Concordia Publishing House has just released Luther’s Small Catechism with Explanation, 2017 Edition. This updates the blue book familiar to confirmands, published in 1991 with 296 pages, with even more Biblical prooftexts, more educational and devotional resources, and applications to contemporary issues. The new edition comes in at 432 pages.
Technically, I am told, the word “catechism” refers to the texts that have been fundamental to Christian instruction since the days of the early church: the Ten Commandments, the Apostle’s Creed, and the Lord’s Prayer, supplemented with the Bible passages on the Sacraments.
Then there is the supplemental material that comments upon, explains, and applies those Biblical and creedal texts. Using the pedagogy of classical education, which teaches understanding on the logic level by means of “dialectic”–that is, leading questions designed to elicit insightful answers–the catechisms offered a series of questions designed to answer the question, “What does this mean?” These educational questions and answers became part of the various “catechisms” that have been used by various churches.
The Ten Commandments, the Apostle’s Creed, and the Lord’s Prayer can still be found in the various Roman Catholic and Reformed catechisms, but those texts are somewhat buried in the plethora of questions. These are organized in various ways, in accord with each tradition’s systematic theology. (Note the structures described in these entries for the Catholic Catechism, the Westminster Shorter Catechism, and the Heidelberg Catechism.) Luther’s version, in keeping with his focus on the Word, presents the Biblical and creedal texts, each part of which the questions and answers elucidate. Thus the authoritative texts provide the structure for the catechism.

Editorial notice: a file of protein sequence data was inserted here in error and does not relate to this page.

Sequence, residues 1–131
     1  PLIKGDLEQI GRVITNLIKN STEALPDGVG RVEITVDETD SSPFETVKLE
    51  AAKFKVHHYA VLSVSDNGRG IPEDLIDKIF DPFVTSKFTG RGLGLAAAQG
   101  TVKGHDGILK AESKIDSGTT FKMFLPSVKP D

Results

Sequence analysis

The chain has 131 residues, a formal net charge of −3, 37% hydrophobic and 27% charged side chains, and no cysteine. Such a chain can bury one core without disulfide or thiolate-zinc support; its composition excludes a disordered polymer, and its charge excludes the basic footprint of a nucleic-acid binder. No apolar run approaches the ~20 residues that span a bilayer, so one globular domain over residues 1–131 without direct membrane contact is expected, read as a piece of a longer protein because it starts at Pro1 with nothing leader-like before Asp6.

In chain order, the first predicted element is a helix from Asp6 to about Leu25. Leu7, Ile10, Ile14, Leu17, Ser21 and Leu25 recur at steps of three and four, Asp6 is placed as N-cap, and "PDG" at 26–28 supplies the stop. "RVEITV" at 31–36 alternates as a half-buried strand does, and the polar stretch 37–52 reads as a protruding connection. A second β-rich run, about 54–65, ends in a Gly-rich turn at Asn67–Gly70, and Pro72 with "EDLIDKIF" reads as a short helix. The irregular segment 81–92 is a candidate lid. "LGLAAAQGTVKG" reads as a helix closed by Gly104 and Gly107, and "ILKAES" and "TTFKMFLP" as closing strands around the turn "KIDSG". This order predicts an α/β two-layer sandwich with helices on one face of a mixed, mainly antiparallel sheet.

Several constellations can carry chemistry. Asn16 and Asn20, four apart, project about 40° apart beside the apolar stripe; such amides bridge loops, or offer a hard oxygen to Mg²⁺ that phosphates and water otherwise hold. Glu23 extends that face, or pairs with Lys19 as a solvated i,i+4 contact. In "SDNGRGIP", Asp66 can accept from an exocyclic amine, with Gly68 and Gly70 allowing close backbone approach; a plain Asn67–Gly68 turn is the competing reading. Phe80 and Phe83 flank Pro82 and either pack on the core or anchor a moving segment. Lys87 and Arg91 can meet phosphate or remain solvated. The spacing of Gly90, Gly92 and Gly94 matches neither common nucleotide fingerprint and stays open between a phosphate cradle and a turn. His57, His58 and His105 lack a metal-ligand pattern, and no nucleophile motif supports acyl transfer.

Both the Catholic and the Reformed catechisms treat first the Creed, then the Ten Commandments and the Lord’s Prayer, both of which come under the rubric of the Christian life. Luther, on the other hand, changed the order, beginning with the Law (the Ten Commandments), followed by the Gospel (the Creed), followed by the Christian life (the Lord’s Prayer, along with the Sacraments and, in the Table of Duties, Vocation).But Luther’s questions and answers, as profound as they are, are still quite brief. CPH has also published those in a 32-page-pamphlet.
The Lutheran Church Missouri Synod has long supplemented Luther’s words with additional material for confirmands and adult members to chew on. This is the “Catechism with Explanation.” The first version was prepared by Heinrich Schwan, the third president of the LCMS, in 1896, translated from the German into English in 1905. Revisions and additions, which still keeping much of Schwan’s material, were featured in a new edition in 1943. This, in turn, was updated in 1991.
So now, 26 years later, we have a new update. The revision process included making the new material available throughout the LCMS for review, critique, and suggestions. I myself offered a few regarding the explanations of the doctrine of vocation, among others. I don’t know if my suggestions were incorporated or not. I haven’t read the new edition yet, so I can’t speak to the specifics. But I’m sure this new edition will be of service to the church for at least another quarter century.
A big development in catechesis is realizing that the Catechism is not just for children, and it’s not just a doctrinal textbook. Rather, it is a rich devotional text for all Christians. As Luther said,
I am also a doctor and preacher; yes, as learned and experienced as all the people who have such assumptions and contentment. Yet I act as a child who is being taught the catechism. Every morning—and whenever I have time—I read and say, word for word, the Ten Commandments, the Creed, the Lord’s Prayer, the Psalms, and such. I must still read and study them daily. Yet I cannot master the catechism as I wish. But I must remain a child and pupil of the catechism, and am glad to remain so. (Preface to the Large Catechism)
Illustration from CPH.